Two Mash Out Options


At the beginning of wort collection, it doesn’t matter if your grain bed temperature climbs above 170 °F (77 °C); tannin extraction is largely suppressed at mash pH.

At the end of your mash, you have the option of mashing out — raising the temperature of the mash to 168–170 °F (76–77 °C) — before recirculating and collecting your wort. The best reason to mash out is to make lautering easier. The hotter the mash, the lower the viscosity of the entrained wort and the easier it is to drain it away from the grain solids in your lauter tun. However, the difference in wort viscosity between wort at typical mash temperatures (148–162 °F/64–72 °C) and wort at 168–170 °F (76–77 °C) is not that great, and so many homebrewers simply skip this step without any noticeable negative effects. (For brewers who mash in a converted picnic cooler, often the volume of boiling water necessary to raise the temperature would cause their mash/lauter tun to overflow.)

I can heat my mash tun, so I usually mash out with the idea that at least it can’t hurt. (Plus, it requires me to stir the mash and that might help out my extract efficiency a little bit.) I like to tinker with my brewday procedures, and in this article I’d like to present two alternative ways to mash out besides the usual heat-and-stir and add-boiling-water methods. I’ve used the first option a number of times and it works fine. I accidentally did the second option a grand total of once — and it wasn’t until after the fact that I realized it might be a good idea. So, treat the second option as something to consider, not something that has been thoroughly tested.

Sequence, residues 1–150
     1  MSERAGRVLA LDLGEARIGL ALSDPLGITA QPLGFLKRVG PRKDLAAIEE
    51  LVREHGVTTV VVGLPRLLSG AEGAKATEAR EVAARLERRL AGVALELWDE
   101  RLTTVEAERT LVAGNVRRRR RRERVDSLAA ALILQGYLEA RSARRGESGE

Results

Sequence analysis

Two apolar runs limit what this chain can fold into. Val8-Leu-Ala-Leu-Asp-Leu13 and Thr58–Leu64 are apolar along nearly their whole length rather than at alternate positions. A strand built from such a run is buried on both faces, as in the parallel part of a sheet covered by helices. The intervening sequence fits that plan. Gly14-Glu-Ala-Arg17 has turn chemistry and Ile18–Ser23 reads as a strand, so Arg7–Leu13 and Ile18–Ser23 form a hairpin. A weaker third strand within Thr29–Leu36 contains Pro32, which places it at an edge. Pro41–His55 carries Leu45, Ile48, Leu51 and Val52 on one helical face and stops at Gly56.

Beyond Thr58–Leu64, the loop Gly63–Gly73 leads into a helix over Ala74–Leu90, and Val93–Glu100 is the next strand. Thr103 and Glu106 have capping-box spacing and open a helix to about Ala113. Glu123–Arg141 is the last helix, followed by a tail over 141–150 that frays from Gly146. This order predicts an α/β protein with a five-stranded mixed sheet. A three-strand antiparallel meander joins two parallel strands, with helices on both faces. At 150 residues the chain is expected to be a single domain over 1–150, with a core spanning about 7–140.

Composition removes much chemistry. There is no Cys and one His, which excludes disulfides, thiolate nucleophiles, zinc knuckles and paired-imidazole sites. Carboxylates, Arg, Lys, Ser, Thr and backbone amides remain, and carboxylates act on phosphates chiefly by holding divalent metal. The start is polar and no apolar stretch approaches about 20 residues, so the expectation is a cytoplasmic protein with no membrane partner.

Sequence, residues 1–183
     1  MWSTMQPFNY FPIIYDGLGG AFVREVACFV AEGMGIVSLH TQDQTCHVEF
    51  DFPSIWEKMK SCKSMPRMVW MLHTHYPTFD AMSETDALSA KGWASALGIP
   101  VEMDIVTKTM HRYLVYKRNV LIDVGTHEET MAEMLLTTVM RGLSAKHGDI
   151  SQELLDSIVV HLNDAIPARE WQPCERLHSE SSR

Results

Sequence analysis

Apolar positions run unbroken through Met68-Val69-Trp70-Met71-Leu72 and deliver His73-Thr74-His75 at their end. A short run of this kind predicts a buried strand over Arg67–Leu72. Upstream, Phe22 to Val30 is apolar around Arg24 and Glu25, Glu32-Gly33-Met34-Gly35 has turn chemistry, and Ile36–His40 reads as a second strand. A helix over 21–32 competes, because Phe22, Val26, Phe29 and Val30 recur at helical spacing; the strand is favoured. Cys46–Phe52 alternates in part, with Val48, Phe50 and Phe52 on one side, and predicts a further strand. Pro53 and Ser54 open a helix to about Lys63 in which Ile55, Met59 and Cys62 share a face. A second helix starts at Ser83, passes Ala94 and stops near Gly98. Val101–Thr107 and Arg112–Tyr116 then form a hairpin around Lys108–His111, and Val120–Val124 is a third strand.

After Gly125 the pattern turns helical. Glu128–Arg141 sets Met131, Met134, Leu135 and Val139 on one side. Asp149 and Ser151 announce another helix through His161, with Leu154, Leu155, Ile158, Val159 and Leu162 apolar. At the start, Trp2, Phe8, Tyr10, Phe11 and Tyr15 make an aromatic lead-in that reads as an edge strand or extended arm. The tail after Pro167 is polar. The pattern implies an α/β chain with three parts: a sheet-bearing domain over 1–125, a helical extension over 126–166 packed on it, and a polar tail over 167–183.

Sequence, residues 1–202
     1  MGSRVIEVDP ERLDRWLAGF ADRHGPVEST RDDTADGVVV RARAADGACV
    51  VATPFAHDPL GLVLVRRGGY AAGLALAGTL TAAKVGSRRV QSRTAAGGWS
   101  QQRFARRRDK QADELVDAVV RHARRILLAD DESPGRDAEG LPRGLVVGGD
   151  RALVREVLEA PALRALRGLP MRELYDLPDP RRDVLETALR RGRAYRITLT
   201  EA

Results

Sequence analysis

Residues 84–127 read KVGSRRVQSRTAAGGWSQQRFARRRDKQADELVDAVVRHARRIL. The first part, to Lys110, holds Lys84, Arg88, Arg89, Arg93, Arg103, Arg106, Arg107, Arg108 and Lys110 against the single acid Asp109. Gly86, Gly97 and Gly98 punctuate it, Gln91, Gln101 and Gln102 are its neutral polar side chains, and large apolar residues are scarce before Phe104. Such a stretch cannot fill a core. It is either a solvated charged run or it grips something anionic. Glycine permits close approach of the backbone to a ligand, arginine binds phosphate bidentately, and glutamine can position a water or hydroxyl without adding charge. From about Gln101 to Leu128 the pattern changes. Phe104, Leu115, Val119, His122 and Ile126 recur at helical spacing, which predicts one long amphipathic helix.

Extra Hot Sparge Water

The first option involves slowly mashing out over the course of wort collection. Instead of heating the mash to 168–170 °F (76–77 °C) and then sparging with water hot enough to keep it around that temperature, I skip the initial mash out, but sparge with water at 190–195 °F (88–91 °C). When I do this, grain bed eventually creeps up to 170 °F (77 °C) near the end of wort collection. Then I just add unheated tap water to my hot liquor tank (HLT) to cool it down to the correct temperature needed to keep the grain bed at 170 °F (77 °C) and finish sparging.

This works fine, but the more I thought about it, the more I realized that this really wasn’t doing much for me. The time that lower viscosity is going to help the most is when the wort is at it’s most dense. By the time my grain bed reached 170 °F (77 °C), the wort density was down under SG 1.020 and really wasn’t that much different than water. (The extra heat did, I suppose, mean that it took me slightly less time to reach a boil, but who cares?) Then, after a brewday in which I overshot my mash out temperature, I thought of a better alternative.


Hot Mash, Cooling Sparge Water

My second idea is to mash out to a temperature above 170 °F (77 °C), then sparge with water cool enough to bring the temperature down to 170 °F (77 °C) before the end of wort collection. The mash would then be hottest at the time when the wort is at its most dense, and when a difference in viscosity is going to make the biggest difference.